China to send envoy to S Sudan to protect oil fields


China will send its special envoy for Africa to South Sudan to help push talks and protect its oil interests.

A South Sudanese woman with a child sits on December 25 2013 at the main hospital in Bor which troops loyal to President Salva Kiir re-captured from rebel forces. (AFP)

China will send its special envoy for Africa to South Sudan to help push talks, China's foreign minister was quoted as saying on Thursday, as the world's newest country spirals into violence.

The envoy will head to South Sudan "soon" to communicate with all parties, Foreign Minister Wang Yi said during a visit to Saudi Arabia on Wednesday, in comments carried on the Foreign Ministry's website.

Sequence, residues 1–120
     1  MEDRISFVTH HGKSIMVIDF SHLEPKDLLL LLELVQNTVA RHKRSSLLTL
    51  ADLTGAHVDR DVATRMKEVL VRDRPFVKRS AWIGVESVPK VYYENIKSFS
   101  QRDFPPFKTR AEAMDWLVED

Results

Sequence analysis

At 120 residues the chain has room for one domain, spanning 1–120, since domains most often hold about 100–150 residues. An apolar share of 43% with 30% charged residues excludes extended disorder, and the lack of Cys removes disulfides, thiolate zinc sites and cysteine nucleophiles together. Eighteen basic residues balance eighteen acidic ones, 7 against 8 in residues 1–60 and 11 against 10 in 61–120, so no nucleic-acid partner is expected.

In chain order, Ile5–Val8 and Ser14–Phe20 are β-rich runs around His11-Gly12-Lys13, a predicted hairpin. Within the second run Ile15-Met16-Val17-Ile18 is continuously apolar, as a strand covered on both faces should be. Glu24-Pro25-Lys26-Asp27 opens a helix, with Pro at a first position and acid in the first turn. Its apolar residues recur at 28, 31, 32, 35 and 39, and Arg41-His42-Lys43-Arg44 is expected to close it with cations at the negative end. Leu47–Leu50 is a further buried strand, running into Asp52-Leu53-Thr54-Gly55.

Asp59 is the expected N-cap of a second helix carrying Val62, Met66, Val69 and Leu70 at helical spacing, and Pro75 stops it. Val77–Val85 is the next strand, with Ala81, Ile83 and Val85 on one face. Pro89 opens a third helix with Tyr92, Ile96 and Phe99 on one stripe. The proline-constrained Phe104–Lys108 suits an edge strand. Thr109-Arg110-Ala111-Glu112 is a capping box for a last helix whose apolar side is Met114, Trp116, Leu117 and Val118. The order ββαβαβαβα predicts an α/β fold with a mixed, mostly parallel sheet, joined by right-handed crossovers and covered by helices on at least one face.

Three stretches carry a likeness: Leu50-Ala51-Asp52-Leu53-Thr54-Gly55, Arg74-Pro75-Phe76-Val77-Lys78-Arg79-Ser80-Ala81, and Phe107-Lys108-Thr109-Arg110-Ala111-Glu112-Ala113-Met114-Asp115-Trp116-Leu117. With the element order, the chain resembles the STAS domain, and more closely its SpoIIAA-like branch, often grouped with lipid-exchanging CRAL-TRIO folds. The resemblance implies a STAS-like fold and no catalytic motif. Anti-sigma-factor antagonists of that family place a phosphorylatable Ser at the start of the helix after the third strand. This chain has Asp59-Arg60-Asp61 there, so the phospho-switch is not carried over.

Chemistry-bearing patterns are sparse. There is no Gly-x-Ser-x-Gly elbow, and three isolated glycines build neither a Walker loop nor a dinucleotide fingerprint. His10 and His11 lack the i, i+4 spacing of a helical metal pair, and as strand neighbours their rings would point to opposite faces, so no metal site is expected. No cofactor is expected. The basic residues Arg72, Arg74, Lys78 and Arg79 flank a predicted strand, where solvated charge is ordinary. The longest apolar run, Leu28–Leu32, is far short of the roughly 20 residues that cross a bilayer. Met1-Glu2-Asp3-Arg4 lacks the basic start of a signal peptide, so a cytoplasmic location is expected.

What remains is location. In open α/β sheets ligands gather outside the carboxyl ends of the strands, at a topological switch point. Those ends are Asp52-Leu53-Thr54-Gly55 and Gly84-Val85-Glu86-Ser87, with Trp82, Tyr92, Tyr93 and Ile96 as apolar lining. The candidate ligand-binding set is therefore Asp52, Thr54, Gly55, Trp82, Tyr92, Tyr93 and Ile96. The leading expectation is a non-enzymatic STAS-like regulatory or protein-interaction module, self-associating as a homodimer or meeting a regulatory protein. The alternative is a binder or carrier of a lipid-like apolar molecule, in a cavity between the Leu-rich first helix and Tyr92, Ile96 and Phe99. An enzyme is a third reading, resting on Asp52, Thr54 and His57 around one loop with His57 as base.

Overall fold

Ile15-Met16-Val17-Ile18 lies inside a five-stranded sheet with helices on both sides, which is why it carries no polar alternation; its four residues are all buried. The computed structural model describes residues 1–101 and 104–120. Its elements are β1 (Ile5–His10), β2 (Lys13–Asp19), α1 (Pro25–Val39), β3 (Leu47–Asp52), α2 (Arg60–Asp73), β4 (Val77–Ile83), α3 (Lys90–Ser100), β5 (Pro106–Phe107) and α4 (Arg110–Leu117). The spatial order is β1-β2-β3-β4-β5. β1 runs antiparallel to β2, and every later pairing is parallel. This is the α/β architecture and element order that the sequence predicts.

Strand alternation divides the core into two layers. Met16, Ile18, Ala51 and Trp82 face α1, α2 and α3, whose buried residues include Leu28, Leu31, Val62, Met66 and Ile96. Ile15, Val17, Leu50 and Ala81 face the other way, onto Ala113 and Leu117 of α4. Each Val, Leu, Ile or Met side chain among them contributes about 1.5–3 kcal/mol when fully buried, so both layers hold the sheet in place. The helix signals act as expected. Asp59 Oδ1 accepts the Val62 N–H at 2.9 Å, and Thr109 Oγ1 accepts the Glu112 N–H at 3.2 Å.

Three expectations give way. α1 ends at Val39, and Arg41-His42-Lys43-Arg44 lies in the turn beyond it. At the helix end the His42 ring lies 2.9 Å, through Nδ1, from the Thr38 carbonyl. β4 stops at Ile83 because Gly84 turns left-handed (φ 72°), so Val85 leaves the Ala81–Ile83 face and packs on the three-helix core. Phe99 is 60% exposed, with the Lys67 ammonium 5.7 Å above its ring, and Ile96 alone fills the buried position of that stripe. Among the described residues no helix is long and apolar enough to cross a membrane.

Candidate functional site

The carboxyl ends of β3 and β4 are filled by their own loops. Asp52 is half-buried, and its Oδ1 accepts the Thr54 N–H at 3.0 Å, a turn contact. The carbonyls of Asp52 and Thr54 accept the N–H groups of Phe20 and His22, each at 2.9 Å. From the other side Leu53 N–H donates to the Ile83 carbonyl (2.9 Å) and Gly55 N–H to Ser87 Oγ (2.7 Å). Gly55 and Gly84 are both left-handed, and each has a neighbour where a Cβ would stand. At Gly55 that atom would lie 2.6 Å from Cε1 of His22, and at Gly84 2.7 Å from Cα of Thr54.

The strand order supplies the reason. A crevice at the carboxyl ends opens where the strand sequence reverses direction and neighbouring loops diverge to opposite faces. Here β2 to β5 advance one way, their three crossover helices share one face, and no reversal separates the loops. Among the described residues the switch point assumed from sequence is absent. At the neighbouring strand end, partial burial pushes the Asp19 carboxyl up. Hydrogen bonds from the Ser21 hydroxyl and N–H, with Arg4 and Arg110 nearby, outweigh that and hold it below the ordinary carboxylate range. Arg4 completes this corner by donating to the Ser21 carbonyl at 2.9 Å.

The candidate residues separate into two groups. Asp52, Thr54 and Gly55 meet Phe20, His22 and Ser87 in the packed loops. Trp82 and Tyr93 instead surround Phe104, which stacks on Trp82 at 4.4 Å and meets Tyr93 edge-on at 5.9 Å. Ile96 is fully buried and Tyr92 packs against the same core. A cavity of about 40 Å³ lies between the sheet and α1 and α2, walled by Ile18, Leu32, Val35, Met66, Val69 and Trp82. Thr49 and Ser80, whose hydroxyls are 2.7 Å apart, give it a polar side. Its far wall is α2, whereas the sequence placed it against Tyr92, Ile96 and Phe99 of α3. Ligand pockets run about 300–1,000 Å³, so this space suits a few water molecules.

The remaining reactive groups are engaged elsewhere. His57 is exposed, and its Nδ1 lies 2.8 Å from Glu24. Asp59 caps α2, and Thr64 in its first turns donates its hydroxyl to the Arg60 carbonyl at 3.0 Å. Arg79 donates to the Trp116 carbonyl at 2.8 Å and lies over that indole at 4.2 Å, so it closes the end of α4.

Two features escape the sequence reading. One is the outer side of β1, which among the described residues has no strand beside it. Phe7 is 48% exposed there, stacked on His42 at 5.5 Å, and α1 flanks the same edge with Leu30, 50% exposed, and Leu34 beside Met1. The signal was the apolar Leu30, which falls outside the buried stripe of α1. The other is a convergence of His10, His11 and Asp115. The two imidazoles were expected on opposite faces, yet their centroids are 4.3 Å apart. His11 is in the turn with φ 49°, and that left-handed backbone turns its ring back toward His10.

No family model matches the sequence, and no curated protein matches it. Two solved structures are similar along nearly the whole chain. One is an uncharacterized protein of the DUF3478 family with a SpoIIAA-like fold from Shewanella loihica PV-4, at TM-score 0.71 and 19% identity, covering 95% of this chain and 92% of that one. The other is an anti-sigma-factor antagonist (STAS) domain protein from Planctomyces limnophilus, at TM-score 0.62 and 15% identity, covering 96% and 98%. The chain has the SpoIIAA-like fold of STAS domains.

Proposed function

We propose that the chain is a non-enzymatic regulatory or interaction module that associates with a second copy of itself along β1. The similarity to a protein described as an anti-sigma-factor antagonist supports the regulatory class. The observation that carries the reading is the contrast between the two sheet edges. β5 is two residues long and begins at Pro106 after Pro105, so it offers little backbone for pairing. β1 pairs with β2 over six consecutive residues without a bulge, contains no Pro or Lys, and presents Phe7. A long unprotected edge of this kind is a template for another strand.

Wang did not name the envoy, but he was likely referring to Zhong Jianhua, an urbane veteran diplomat who has deep experience of the conflict in South Sudan.

The announcement came a day after China called for all sides in the South Sudan conflict to stop fighting.

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The conflict has killed hundreds and some 45 000 civilians are seeking protection at UN bases. Violence erupted in the capital, Juba, on December 15 and quickly spread, dividing the land-locked country of 10.8-million people along ethnic lines.

"China is highly concerned about the evolving situation in South Sudan," Wang said.

China has extensive energy interests in South Sudan.

It is already the biggest investor in oilfields in South Sudan, through state-owned Chinese oil giants China National Petroleum Corp (CNPC) and Sinopec. Beijing is also one of Sudane'a President Omar Hassan al-Bashir's major supporters.

The fighting has also affected oil production, which accounts for 98% of government revenue in South Sudan. It has forced CNPC to evacuate some of its workers. – Reuters

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